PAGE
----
The Cubs could start by dealing one of their most experienced players. Alfonso Soriano had a good year in 2012, posting .262/.322/.499 batting line and hitting 32 home runs (reaching the 100 RBI-threshold won't hurt his value, either). Though Soriano has made it clear he'd consider waiving his no-trade rights, president of baseball operations Theo Epstein has said he won't deal the 36-year-old unless the Cubs get something of value in return. It's hard to envision Soriano's trade value rising much from here, so if the Cubs intend to create room for younger players and free up some salary, it's now time to make a move.
The Cubs will also need a contingency plan for center field. Just about half of Brett Jackson's at bats (59 of 120) ended in strikeouts this year, an indication that he won't make enough contact to maintain a respectable on-base average. He has some power, plays a premium position and can draw walks, but his contact skills create legitimate questions about the likelihood that he'll realize the potential that placed him on many top prospect lists earlier in his career.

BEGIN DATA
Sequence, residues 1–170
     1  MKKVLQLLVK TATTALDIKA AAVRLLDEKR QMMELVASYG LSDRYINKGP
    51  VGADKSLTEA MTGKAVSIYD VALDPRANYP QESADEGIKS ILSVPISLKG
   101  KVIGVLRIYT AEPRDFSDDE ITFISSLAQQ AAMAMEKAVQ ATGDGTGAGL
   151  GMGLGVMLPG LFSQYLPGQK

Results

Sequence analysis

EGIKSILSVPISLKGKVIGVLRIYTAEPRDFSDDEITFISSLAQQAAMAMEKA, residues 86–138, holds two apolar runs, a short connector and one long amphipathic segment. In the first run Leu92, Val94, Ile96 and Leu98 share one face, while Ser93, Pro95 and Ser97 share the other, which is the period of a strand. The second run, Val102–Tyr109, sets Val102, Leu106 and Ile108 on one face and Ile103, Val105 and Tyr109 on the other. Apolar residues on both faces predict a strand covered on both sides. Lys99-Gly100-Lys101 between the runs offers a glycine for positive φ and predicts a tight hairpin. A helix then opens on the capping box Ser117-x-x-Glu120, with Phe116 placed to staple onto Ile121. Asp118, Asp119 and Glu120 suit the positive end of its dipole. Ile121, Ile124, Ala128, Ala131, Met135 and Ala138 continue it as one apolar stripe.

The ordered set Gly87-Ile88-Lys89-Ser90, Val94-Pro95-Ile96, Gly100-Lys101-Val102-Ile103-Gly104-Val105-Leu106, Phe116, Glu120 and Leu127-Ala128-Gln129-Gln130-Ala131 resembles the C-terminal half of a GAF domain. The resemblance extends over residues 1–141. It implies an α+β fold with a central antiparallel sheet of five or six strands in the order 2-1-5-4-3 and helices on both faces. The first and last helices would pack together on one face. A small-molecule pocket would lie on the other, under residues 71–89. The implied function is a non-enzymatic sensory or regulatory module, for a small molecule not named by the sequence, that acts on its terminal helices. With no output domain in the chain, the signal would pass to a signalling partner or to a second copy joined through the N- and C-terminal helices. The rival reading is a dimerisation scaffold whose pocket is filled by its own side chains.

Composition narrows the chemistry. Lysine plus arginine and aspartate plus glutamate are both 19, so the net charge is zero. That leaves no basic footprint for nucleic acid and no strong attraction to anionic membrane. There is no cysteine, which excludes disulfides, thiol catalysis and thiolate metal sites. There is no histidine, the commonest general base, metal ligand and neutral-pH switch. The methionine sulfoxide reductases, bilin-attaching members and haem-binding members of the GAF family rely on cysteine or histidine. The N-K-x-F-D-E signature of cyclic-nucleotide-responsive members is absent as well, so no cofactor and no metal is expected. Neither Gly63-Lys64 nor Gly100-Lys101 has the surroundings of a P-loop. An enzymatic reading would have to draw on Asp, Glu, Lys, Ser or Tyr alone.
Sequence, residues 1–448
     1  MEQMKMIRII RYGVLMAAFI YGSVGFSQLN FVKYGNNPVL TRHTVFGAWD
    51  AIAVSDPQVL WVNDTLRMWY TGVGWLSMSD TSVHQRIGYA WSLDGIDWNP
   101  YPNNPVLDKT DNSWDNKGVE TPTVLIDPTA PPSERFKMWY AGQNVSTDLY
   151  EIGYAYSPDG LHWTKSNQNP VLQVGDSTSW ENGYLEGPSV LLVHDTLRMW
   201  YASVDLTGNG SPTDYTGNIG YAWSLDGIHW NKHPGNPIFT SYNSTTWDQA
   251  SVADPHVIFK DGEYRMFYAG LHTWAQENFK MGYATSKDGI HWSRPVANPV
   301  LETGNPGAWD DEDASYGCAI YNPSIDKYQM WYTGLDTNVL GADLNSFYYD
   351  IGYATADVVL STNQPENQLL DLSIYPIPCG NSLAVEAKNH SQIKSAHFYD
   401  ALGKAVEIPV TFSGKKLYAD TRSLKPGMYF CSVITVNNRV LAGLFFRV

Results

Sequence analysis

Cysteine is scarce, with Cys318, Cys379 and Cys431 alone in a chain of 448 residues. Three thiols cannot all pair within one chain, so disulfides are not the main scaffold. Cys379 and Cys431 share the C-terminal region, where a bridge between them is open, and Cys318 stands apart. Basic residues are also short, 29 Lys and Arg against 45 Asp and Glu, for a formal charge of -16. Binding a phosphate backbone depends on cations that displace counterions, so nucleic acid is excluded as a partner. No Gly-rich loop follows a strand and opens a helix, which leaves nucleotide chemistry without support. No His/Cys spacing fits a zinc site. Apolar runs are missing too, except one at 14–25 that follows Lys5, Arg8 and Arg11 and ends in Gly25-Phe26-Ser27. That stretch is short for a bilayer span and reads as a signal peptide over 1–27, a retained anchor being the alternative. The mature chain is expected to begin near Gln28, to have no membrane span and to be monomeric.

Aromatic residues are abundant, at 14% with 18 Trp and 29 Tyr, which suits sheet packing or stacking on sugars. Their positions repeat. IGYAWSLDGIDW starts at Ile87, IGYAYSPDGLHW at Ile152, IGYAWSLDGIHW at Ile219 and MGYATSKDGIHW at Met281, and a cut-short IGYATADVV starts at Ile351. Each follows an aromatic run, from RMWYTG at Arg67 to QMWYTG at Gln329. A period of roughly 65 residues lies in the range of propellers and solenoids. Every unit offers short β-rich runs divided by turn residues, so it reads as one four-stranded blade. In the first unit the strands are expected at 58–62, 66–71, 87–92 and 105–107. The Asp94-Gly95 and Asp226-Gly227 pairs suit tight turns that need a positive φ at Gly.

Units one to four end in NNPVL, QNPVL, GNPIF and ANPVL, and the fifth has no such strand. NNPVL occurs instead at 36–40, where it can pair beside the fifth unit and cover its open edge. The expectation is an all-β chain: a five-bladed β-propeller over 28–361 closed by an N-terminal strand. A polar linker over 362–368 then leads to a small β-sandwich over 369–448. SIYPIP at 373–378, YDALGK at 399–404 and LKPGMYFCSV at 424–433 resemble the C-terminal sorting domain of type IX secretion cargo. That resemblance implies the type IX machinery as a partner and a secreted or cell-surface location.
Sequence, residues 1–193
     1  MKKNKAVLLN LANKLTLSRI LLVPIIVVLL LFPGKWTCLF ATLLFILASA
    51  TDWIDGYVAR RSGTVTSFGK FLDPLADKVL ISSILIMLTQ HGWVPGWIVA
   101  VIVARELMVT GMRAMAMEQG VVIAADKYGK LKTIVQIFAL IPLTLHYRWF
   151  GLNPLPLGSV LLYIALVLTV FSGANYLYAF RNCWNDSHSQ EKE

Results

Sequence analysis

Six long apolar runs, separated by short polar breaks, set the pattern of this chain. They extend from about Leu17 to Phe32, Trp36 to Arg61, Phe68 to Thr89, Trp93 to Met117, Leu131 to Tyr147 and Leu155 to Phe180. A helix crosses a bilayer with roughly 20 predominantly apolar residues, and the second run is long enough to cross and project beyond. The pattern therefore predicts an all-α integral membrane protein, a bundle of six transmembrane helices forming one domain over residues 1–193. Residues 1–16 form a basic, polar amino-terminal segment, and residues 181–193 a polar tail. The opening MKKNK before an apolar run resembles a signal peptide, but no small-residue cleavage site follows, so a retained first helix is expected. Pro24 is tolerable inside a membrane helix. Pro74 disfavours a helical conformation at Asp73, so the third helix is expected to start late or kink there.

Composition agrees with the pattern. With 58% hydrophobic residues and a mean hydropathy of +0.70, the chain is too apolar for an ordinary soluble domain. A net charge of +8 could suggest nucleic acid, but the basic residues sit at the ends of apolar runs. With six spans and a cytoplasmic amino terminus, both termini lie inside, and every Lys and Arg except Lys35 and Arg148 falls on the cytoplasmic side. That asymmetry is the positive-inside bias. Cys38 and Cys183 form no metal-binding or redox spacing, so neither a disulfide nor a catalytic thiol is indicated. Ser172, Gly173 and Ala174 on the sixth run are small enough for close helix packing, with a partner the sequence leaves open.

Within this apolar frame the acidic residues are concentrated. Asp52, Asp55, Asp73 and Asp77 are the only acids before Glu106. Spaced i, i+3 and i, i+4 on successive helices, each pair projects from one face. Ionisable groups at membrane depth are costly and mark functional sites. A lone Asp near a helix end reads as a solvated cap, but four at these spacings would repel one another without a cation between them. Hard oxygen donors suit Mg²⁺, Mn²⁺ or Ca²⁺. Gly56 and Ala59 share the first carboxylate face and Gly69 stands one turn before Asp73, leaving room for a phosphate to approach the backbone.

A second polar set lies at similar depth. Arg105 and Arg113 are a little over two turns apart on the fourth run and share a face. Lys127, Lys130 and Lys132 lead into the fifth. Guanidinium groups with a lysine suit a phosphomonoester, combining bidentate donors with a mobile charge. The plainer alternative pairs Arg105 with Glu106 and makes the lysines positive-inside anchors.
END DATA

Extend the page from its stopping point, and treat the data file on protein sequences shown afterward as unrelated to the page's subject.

Between a possible trade for Soriano and the need for a legitimate option behind Jackson, the Cubs could be in the market for outfielders this offseason. They could wait on a deep class of free agent outfielders or contact teams like the Diamondbacks and Twins, who have enviable outfield depth.
If the Cubs retain Luis Valbuena they'll be set at all four infield positions, with Starlin Castro, Darwin Barney and Anthony Rizzo occupying the three other spots. The Cubs could look to improve their catching depth following a season in which Chicago catchers placed 28th of the 30 MLB teams in OPS (.616). The free agent market seems relatively strong at catcher this year, and the Cubs could call teams such as the Blue Jays about possible trades.